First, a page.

Hunter: AJ Bagby
Points: 12 (6L, 6R)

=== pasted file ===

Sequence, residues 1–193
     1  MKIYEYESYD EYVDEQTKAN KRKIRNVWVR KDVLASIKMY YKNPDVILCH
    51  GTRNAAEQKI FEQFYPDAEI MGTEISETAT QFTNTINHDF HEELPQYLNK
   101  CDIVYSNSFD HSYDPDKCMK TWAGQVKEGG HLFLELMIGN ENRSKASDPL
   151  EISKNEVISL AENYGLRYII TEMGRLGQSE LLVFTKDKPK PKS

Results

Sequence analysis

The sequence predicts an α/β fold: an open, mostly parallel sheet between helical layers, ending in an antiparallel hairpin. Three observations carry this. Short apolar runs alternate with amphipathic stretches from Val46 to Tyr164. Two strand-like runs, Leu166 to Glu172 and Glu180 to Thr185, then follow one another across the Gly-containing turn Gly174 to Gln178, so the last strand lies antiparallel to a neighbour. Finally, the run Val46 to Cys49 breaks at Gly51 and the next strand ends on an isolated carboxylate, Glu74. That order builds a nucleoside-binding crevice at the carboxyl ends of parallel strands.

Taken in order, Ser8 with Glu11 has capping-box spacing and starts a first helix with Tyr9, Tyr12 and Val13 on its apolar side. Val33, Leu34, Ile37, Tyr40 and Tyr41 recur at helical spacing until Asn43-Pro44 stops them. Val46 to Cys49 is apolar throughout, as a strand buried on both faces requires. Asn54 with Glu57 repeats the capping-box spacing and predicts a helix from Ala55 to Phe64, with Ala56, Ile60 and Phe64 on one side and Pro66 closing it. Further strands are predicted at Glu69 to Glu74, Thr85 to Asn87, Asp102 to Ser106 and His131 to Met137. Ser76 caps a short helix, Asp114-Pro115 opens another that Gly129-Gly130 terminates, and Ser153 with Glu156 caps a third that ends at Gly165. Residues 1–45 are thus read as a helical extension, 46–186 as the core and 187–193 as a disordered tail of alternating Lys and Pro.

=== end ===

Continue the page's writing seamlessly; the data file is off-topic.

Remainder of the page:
The deer on our Jenkins County property have been feeding heavy on cotton leaves every evening throughout the summer. My plan was to hunt the edges of the field during bow season to try and catch a big buck while still in his summer feeding pattern. However, our cotton field was sprayed with defoliant about 3 weeks ago killing all the cotton leaves. This forced the deer to change their pattern and primary food source. So I changed locations as well and started hunting funnels between drains and bedding areas. The wind was blowing out of the Southeast around 6 mph on the evening of Monday October 9th. I wanted to hunt a stand in a transition area between planted pines, however a Southeast wind would hit me directly in the back. My dad told me to pick a different stand due to the bad wind. But I decided to spray down and get as scent free as possible to hunt the transition stand location even on a bad wind. I saw 8 to 9 does and fawns prior to my encounter with the big 12-point buck. The deer were on their feet and moving well early due to the colder weather we were experiencing. At 6:15 p.m. I spotted some horns in the dog fennel approaching my stand from the North. The buck worked several scrapes and started skirting my stand heading West. The buck was cruising looking for does. He checked a doe and then started pushing her directly towards my stand. The doe ran across one of my shooting lanes and into the pine thicket. I had to yell at the buck so he would stop in the shooting lane. He was at 32 yards and quartering towards me. I let out a half breath and tried to stop shaking so I could squeeze the trigger. I had to place the crossbow bolt in the front right shoulder in order to punch through into his lungs due to the angle of the shot. I felt like the shot was perfect as I could see the Lumenok lit up bright red in the bucks shoulder as the swirled and ran away. I waited about 30 minutes for my Dad and Brother to get to my stand. As we started tracking the buck we couldn't find any blood at the shot site. My dad finally found a spec of blood about 20 yards away in the direction the deer ran. Due to the crossbow bolt not passing through, there wasn't an exit hole and the buck wasn't bleeding much. The blood trail was hard to follow as we were tracking small specs of blood about every 5 to 10 feet. The buck broke off the crossbow bolt after about 75 yards and then the blood trail began to increase. We ended up tracking the buck about 150 yards. As we walked up on him we were all high-fiving, hugging and screaming! He was huge and it was the biggest buck I've ever shot at and I am still pumped up about getting him!